Now, I have a cat bite on the back of my leg that leaves all four punctures with dry blood. My duty is to let the supervisor know if a cat bites and broke skin. But the thing is, if I do that, she'll get euthanized for biting again while under behavioral observations. By law, we have to do that. And I don't want that to happen

I also know what it's likely for cat bites to get infections, so if I do get an infection, I can't bring myself to go to a doctor. So now I have the fate of an animals life with the possibility of having an infected bite.

Out of all days or times, why did this have to happen?

 

Ah that sucks, one thing that I do know that is Tee Tree Oil is Anti Bacterial, Anti Fungus and even Anti Viral. Also can dilute it an use it for mouth wash, plus I like the smell. I've treated myself with this for cat, dog, lizard and snake bites (non venomous)

9 hours ago, MaepleSyrup said:

The thing is, I don't want a cat to be euthanized for my doing. She has only been on the bite procedure for a few days now, and I don't want to throw her under the bus if many people have gone in and out without her biting them before I was assigned the section today. Maybe it's something about me? She wasn't very happy with me walking about, but was okay with me petting her

A lot of times, cats there don't trust people. Thus they act out. Same with being in a kennel for days on end, with being moved here and there to a new room for adoption. That's the same way for dogs. People come in and visit with them all the time, so they have interactions. I don't know what the case is, but maybe she doesn't like us?

She was very briefly on the adoption floor before her incident happened. I'll look into at home treatments. I might put peroxide on it, but I washed it really good with soap and water when I got home

What is in the room with the cat? It is possible that she (sorry going with German = cats are girls) could have become over excited/stimulated? Or it's just the way that she has played before? 

Was it an aggressive bite? Like did she hiss/ arch back? etc? That's the worrying one

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I know you probably don't want to hear this, but... tough love.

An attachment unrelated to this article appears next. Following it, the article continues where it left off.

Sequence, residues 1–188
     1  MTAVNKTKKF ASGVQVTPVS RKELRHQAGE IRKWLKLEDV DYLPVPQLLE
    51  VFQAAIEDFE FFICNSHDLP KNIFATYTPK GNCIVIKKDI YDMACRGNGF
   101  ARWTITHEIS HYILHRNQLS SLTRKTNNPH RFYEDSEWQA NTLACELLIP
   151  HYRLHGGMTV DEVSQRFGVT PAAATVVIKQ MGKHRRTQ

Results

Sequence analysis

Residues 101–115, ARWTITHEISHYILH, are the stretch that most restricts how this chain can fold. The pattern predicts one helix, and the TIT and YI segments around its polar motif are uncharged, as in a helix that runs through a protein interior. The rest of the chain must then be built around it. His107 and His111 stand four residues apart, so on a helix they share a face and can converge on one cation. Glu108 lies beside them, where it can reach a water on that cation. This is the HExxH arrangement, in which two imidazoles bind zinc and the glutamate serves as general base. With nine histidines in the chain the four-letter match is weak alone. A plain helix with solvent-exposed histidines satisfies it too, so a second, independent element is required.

You need to follow procedure and notify your supervisor.  First you said, "not the first time I've handled cats who had biting or "bipolar" issues... she bit me without warning." Then you said, "I don't want a cat to be euthanized for my doing."  If the cat has been on the bite procedure for a few days, how exactly is this an isolated incident that is caused by your behavior?

I love cats to death. But truth is, animals can be temperamental same as people.  And most people don't know how or don't WANT to deal with temperamental animals.

You don't want the cat to get euthanized and you're OK risking your health because of it.  Well, what happens when/if she bites someone else and they get infected?  What happens when a family comes in and adopts her, and she attacks someone in the family?  How about a 1 year old child that doesn't understand temperamental animals?  What if the child gets an infection?  What happens if the child's face is mauled?  What happens if some young kid - just wanting an animal to love - gets bit, scratched, and left with facial scars?  Are you willing to risk that?

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50 minutes ago, Ratvan said:

What is in the room with the cat? It is possible that she (sorry going with German = cats are girls) could have become over excited/stimulated? Or it's just the way that she has played before? 

 Was it an aggressive bite? Like did she hiss/ arch back? etc? That's the worrying one

She had her necessecities- litter box, dishes, toys, etc., along with two stools and some blankets. She was really shy when she was on the adoption floor- played off as a shy, sweet kitty with a kitten meow. I fed her the morning she was on the adoption floor, but that afternoon, she bit a staff member.

She kept pawing at my shoe unhappily when I was trying to make my way throughout her room. And when I turned, she let out an aggressive meow and bit. But beforehand, she was all meows and cuddles when I first walked in.

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10 minutes ago, Stan Islavski said: